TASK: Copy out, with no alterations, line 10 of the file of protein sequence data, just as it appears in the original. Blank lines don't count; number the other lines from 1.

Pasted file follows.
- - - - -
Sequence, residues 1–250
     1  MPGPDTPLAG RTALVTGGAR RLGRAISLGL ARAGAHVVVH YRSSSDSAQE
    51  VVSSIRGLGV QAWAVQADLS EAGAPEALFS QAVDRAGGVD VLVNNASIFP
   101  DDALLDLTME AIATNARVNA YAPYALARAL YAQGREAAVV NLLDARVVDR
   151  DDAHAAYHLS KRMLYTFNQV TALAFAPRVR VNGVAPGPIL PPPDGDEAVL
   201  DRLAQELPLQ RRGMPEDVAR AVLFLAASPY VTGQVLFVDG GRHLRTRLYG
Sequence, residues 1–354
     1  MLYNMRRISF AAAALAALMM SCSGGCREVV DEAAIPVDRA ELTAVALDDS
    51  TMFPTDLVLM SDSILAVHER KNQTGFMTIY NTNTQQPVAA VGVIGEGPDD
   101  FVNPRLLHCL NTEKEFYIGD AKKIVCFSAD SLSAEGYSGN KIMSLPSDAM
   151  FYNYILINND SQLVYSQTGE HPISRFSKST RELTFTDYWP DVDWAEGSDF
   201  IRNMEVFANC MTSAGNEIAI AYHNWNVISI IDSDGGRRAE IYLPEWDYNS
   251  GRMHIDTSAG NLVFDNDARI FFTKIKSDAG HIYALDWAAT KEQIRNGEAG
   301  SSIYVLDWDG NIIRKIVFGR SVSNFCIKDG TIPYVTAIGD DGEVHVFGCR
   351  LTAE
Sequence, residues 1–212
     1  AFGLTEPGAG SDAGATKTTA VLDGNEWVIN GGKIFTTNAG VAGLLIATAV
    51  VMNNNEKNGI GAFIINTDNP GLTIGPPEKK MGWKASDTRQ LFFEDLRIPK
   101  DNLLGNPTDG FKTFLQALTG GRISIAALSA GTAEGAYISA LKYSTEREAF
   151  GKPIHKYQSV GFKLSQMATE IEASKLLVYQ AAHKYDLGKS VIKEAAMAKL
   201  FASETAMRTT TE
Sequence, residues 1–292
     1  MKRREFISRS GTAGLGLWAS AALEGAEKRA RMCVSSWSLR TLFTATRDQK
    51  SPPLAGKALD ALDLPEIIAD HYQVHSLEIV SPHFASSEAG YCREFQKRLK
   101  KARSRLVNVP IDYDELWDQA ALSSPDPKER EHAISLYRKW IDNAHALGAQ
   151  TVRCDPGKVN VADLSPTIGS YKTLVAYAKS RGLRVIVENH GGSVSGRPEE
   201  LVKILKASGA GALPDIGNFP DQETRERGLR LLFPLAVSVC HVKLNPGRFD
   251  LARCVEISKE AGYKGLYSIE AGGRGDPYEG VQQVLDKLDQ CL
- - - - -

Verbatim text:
   101  FVNPRLLHCL NTEKEFYIGD AKKIVCFSAD SLSAEGYSGN KIMSLPSDAM